Invasion of the Blood Farmers Review (Severin Films Blu-ray)
A bunch of hillbilly farmers are out to kill the residents of an “upstate New York” town for their cult in Invasion of the Blood Farmers, a classic in nobody’s sense of the word from writer/director Ed Adlum. Adlum’s not known for much besides this film and his other horrendous Yeti movie Shriek of the Mutilated, and yet Invasion of the Blood Farmers still has something of an enduring legacy: mostly that it’s quite bad because it was shot on a jack-shit budget that spent more money on blood than anything else. There’s also the rumor that everyone in the cast got paid with beer, which is… something at least, considering all of them now have to live with the fact that Severin Films has reissued Invasion of the Blood Farmers in all of its awful glory.
The first thing that stands out about this trainwreck is the editing, which is truly a sight to behold. Look no further than the first scene to determine whether you want to plow forward, dear viewer: random close-up shots are interspersed with wide ones at breakneck speed for absolutely no reason, many of them unintentionally destroying the flow of the scene. It’s a great lesson in what not to do in filmmaking, something even Adlum acknowledges in his interview on this disc; with the editing this bad, there was very little hope for crafting a good film, but Invasion of the Blood Farmers continues to push forward with a nonsensical plot about sucking the lifeblood of one particular individual to give to the sleeping queen of their cult before she can no longer be revived.
I’m a little harsh, though; there are some enjoyable moments including a very odd honeymoon sequence where a man completely avoids having sex with his obviously horny partner, lots of blood-pumping, and a pretty hilarious dog-killing scene where the murderer then unnecessarily returns the dead pooch to its owners for maximum savagery. Still, even at 77 minutes the film runs overly long, and pretty soon the entertainment value has worn thin since the cult itself is one of the least interesting elements of the film. It’s the fucking expanding blood I want to see more of!
I’m hesitant to recommend Invasion of the Blood Farmers though I do think people should see some of it at least once. It really is in poor taste from almost every angle, and the editing made me want to cry. Maybe that’s the point – it’s a masterclass in misery; and you know what, I want you to experience that awfulness too.
Severin Films decided to give this a Blu-ray release for some reason, and that means I’m expecting Shriek of the Mutilated announcements at any time now too (it would have made a perfect double-feature). Interestingly, Severin did not release this as part of their Intervision sister lineup, and I feel it is more suited there than their main label; but I don’t work for them, and that’s probably for the best. This Blu-ray has a new 2k scan of the original camera negative and the results are fantastic; this looks so much better than the previous Code Red DVD, with a warmer color palette, smooth grain, and much better detail. While the opening reels show a bit of damage the rest of the film is relatively clean except for a couple of burns. This has been cleaned up quite nicely and I don’t expect it to look much better than this.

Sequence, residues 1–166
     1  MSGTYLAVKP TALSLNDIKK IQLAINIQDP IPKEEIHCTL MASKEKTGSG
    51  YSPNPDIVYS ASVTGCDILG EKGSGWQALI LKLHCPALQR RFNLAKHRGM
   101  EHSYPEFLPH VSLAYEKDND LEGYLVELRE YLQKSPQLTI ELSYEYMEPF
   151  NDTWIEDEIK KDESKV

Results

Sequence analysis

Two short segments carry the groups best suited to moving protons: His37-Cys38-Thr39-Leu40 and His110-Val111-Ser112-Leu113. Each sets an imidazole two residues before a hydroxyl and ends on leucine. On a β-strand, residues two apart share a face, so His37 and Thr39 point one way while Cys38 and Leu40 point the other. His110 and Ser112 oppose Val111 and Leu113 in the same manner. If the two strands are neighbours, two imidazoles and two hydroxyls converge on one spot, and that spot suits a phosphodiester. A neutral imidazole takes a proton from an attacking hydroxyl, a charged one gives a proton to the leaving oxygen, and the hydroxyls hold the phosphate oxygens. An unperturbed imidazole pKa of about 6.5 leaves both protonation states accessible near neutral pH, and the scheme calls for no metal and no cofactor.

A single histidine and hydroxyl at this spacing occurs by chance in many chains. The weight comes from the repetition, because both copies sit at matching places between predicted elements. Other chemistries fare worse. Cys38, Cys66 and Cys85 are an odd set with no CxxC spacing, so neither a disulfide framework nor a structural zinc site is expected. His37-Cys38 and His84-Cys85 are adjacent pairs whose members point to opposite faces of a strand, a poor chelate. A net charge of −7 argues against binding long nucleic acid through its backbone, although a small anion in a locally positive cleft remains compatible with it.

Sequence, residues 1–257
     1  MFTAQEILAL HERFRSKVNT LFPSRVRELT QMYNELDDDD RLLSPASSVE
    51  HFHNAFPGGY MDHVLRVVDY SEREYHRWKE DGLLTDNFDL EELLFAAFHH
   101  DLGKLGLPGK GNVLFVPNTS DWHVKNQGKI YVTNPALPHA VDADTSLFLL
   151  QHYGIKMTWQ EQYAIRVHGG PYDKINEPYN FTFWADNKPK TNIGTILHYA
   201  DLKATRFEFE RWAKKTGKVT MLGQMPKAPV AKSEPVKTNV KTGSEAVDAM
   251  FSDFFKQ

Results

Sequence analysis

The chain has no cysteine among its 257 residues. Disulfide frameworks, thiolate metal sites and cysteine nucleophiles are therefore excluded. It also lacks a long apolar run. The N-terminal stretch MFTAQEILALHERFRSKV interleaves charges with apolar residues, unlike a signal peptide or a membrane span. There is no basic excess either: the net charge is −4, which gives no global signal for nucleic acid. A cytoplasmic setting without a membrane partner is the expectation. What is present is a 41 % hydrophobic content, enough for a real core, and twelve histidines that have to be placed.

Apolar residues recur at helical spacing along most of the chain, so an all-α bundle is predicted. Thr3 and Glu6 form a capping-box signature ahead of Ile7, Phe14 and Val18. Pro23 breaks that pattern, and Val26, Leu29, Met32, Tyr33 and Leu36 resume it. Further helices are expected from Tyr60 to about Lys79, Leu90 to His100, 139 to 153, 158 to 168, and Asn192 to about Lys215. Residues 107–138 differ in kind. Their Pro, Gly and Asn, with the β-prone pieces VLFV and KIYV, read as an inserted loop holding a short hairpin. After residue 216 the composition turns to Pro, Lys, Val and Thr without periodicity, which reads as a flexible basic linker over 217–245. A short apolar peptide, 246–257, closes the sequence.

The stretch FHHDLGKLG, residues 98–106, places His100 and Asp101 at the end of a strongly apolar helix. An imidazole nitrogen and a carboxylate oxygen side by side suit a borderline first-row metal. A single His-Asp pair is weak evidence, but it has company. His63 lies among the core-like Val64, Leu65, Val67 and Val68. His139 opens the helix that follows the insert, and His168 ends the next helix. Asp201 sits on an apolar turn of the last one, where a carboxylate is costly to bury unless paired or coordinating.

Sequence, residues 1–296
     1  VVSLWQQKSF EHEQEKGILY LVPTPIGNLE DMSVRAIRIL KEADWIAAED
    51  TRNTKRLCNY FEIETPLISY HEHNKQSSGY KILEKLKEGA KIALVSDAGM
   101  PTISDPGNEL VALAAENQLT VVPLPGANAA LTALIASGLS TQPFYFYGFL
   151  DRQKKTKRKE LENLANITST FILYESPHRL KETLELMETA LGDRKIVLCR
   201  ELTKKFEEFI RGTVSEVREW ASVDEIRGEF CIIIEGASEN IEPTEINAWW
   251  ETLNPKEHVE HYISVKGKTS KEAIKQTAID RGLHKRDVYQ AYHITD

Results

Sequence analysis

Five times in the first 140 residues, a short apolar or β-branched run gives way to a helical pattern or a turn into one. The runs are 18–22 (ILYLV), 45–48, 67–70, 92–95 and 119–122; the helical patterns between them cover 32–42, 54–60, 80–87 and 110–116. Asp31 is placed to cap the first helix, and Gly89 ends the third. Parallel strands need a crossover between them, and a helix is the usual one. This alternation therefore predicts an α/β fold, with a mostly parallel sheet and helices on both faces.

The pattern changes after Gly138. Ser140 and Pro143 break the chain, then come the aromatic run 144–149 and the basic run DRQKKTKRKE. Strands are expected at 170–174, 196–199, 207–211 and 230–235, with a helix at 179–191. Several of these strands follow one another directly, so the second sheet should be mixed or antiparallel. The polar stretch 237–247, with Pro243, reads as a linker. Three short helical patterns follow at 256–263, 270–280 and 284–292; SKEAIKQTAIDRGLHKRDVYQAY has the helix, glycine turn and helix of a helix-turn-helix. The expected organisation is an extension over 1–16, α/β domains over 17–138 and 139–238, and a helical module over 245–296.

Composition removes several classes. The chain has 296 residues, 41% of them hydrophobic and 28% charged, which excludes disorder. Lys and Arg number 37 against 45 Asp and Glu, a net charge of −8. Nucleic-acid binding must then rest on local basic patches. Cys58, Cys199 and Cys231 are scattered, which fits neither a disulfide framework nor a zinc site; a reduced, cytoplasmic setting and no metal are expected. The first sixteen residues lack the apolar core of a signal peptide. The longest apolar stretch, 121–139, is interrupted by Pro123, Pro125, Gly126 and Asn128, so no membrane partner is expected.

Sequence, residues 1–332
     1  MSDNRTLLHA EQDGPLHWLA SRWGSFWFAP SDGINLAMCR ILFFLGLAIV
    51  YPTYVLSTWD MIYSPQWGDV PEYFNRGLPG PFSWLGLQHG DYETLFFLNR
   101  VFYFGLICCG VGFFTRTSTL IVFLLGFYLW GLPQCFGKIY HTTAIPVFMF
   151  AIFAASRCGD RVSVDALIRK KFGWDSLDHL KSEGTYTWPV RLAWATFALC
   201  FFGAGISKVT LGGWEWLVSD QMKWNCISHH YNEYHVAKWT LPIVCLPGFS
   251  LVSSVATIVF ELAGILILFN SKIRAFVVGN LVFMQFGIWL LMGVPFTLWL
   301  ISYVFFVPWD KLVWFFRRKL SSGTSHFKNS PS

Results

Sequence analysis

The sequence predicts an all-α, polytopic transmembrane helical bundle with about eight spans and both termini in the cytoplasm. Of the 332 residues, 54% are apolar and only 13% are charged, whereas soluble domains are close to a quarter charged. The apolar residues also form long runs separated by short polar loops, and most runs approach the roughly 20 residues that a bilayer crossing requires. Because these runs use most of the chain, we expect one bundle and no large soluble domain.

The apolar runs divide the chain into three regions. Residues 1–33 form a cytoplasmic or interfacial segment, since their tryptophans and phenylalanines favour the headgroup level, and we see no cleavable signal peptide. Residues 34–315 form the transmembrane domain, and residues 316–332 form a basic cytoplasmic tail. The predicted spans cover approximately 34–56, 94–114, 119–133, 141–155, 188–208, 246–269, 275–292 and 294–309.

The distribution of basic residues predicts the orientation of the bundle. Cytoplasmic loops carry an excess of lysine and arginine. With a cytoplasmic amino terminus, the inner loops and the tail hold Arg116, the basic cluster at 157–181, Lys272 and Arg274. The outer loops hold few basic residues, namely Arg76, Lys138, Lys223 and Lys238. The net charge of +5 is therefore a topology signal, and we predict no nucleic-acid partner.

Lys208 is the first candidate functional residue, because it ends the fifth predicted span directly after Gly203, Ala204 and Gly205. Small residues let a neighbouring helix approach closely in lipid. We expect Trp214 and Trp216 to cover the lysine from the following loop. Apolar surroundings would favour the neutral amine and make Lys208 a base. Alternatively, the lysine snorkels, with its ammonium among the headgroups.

Audio is DTS-HD Master Audio mono and is probably the aspect of this release that fares the worst through no fault of Severin’s. The source audio is a poor recording, and it shows up on this Blu-ray as scratchy, occasionally blown-out dialogue and music; it evens out as the film goes on, but it’s noticeable enough at first. This is obviously a budgetary and experiential issue on the part of the filmmakers, and Severin has cleaned it up as best they could. English subtitles are also included.
For special features, Ed Adlum and his wife Ortrum Trippel provide an audio commentary moderated by Kier-La Janisse, which is actually a good mix of reminiscing, explaining things happening in scenes, and Janisse keeping everyone on task with questions about the production. Adlum also gives a 20-minute interview about the film, even getting emotional about the death of his friend and editor Michael Findlay who died in a freak helicopter accident. There’s a briefer interview with Jack Neubeck discussing his work on the film as the killer Egon. Finally, a featurette with cameraman Frederick Elmes discusses shooting the film in difficult conditions including small spaces. A trailer rounds out the extras.
This is a solid release from Severin for people who really want to check out this rough low-budget picture. While most won’t truly enjoy Invasion of the Blood Farmers, it’s definitely an independent picture that sits in so-bad-it’s-good territory for the majority of its runtime.